This week, the Center for Education Reform released its Education Tax Credit Rankings and Scorecard, which evaluates the fourteen tax credit funded scholarship programs across the country.
Georgia’s program, which was created in 2008, received a “B”.
The Georgia program scores well in many of the categories like program design and eligibility requirements. However, we fall out of the top of the rankings because the total program is capped at $58 million annually–which might sound like a lot of money but actually only represents 0.14% of the overall state budget. The program is so popular, the $58 million cap was reached this year in just three weeks. Nearly all of the Student Scholarship Organizations who distribute the scholarships to students have waiting lists.
By contrast, the Florida program, which received an “A”, allocates $286 million in tax credits to fund scholarships that allow almost 60,000 students to attend a school that better meets their individual needs.
Arizona, the other state receiving an “A” grade, does not limit the total dollar value of individual donations and caps corporate donations at $36 million annually. There are more than 42,000 students on tax credit scholarships in Arizona.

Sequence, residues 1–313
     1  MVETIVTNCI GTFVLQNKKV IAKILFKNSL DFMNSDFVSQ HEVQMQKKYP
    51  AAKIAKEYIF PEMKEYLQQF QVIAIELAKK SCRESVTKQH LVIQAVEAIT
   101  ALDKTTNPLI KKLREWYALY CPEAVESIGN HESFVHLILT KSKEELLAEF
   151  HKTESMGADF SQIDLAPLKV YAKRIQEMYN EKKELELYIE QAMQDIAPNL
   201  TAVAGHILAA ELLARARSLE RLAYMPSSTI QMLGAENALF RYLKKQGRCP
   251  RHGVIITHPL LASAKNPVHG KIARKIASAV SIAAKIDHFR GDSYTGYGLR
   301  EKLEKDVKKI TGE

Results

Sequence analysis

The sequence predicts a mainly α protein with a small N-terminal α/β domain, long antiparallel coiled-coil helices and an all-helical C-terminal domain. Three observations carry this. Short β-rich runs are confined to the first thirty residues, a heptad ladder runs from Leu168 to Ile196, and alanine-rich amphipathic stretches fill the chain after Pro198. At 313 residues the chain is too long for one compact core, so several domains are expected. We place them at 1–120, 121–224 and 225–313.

Georgia’s program serves about 13,000 students who have moved from a traditional public school to a private school using scholarships funded by individuals and corporations who receive a tax credit for their donations. That represents a mere .007% of Georgia’s 1.7 million public school students.
Because every child is different, we need a variety of options at our disposal when it comes to education. Tax credit scholarships are just one of many ways we can ensure that all Georgia children have access to a quality school. And given our grade in the report card, perhaps we still have more to learn from other states that continue to give even more families the flexibility to meet the educational needs of their children.
To learn more about Georgia’s Tax Credit Scholarship Program and other school choice options in the state, see our 2014 School Choice Handbook.